Do Patients Treat Female Dentists Differently?

Maggie Augustyn, DDS


When I entered dental school in 2000 at the University of Illinois at Chicago, I was part of the first class that had an equal ratio of men to women. I remember an endodontics faculty member, Dr. Nijole A. Remeikis, who was the first woman Diplomat of the American Board of Endodontics, saying that she could finally think about retirement now that the ratio had hit 50/50.

Having studied science at Benedictine University, and then being a dental student, I had always been considered an equal and on par with my male counterparts. It had never occurred to me that the world outside the walls of academia would be any different. So, what I’ve discovered in my professional life has come as a real surprise.

As a woman in private practice with a male dentist, I have found that patients consider my treatment plans with an air of suspicion, much to my chagrin. I do want to mention, however, that all of this is based on my own experience. I have not kept in touch with many of my classmates, and I have not had an opportunity to share or compare my experience with other women in the field. I would be very curious to see if their experience has matched mine.

Inequalities Persist

When we look at the architecture of the big stage, in speaking events, women are not equally represented. This is changing, but it’s changing too slowly. Women are not represented equally in practice ownership either. They are more likely to either practice part-time or be associates in a group practice. Thus, patients are still more likely to be seen by male dentists than by female dentists.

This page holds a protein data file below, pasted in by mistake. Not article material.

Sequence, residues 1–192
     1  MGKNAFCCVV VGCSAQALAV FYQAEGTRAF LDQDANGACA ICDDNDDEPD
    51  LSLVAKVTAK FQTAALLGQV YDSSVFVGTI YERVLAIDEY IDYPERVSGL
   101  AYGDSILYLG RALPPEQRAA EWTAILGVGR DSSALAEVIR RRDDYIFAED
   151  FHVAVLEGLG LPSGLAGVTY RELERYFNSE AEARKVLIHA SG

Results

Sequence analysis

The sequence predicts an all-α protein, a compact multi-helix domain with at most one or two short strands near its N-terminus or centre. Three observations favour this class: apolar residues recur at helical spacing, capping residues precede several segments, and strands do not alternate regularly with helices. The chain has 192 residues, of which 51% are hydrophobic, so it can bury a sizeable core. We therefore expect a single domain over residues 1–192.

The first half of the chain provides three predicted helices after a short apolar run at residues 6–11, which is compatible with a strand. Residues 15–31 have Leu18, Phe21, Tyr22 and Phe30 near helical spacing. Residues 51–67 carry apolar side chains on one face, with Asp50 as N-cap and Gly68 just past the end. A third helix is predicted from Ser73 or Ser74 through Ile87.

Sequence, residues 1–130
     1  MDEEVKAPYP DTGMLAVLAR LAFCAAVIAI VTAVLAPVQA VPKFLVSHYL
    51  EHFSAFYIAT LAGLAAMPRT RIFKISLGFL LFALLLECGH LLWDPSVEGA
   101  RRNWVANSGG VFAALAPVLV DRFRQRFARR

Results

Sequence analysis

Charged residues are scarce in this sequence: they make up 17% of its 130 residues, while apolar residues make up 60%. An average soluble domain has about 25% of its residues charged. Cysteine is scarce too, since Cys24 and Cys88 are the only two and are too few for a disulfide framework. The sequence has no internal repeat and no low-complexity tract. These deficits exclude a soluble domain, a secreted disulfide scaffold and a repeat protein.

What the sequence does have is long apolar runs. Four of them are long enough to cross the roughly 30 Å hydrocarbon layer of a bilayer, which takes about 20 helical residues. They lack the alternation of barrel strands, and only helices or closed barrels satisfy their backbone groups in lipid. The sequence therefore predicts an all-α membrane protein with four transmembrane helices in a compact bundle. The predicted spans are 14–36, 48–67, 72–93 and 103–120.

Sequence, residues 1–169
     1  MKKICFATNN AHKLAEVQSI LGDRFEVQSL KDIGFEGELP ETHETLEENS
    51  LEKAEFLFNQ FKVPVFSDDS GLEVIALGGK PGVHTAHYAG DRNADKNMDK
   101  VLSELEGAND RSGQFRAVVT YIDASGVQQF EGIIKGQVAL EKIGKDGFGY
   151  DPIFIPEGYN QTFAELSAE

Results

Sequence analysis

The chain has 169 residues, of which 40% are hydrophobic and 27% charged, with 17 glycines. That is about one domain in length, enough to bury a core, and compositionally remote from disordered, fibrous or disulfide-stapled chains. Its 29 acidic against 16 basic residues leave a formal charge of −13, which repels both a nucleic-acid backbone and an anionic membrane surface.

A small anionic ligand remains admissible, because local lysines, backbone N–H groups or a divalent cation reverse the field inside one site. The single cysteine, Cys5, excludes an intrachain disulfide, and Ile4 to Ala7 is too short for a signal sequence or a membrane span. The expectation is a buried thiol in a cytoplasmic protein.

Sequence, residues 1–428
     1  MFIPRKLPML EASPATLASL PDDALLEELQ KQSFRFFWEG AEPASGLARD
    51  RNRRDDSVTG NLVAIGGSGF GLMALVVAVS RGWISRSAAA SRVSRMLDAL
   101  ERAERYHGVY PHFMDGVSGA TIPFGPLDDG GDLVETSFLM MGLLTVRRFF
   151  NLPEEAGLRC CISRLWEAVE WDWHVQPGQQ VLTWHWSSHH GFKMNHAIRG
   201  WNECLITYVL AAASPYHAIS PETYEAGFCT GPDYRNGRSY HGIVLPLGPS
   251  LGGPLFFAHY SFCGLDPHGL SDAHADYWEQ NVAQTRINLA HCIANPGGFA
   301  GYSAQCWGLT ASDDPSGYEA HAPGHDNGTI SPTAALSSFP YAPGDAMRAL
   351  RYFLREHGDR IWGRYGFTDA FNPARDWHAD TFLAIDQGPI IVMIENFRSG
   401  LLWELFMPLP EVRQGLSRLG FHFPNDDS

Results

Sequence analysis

There is no arguing that a woman’s primary role in our culture—and, more importantly, our passion—has been to raise children. There is nothing wrong with that. As a mother myself, I put my family ahead of my career or any growth opportunity. That’s not to say that I deny myself chances to improve as a practice owner or dentist. It’s simply that they come secondary to my role as a mother.

Motherhood almost brings about a devoltion, which I certainly didn’t expect to develop, toward raising children. Putting our families and children first does remain a choice for women, but it’s undeniably a compelling one. Much of this is what reduces the filtration of women into the lecture circuit and practice ownership.

I have always been a bit of a maverick, walking a path to the beat of my own drum. Eighteen months after dental school graduation, I bought and began to grow my own dental practice. I had partnered with a male colleague and have stayed in co-ownership with him for the last 14 years. The learning curve of practice purchase and subsequently practice ownership, so early following graduation, was too steep to even put into words. Also, I was the first person in my family to ever own or operate a business, which meant that I was basically on my own.

Because of my partner’s lack of complete involvement, predicated on his family situation, I initially was doing all the research, due diligence, and practice purchase negotiation by myself. The fact that I had learned a lot on my own in those first few years made it much easier for me to trust my own gut when making decisions, including ones I make today. And all along the way toward my practice purchase, I never felt like I was treated any differently when I was working with accountants, attorneys, and real estate agents. I felt equal with my male counterparts.